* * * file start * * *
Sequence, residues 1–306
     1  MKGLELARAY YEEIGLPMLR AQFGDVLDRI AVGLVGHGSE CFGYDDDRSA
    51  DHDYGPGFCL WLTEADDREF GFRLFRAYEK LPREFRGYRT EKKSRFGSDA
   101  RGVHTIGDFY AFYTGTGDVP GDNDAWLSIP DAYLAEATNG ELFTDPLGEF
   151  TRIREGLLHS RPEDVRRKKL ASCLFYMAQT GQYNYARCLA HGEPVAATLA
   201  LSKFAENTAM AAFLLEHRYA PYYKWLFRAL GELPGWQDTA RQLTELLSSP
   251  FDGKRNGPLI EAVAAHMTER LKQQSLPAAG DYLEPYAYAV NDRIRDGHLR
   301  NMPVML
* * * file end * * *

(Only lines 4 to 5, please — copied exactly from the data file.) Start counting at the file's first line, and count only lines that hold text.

   101  RGVHTIGDFY AFYTGTGDVP GDNDAWLSIP DAYLAEATNG ELFTDPLGEF
   151  TRIREGLLHS RPEDVRRKKL ASCLFYMAQT GQYNYARCLA HGEPVAATLA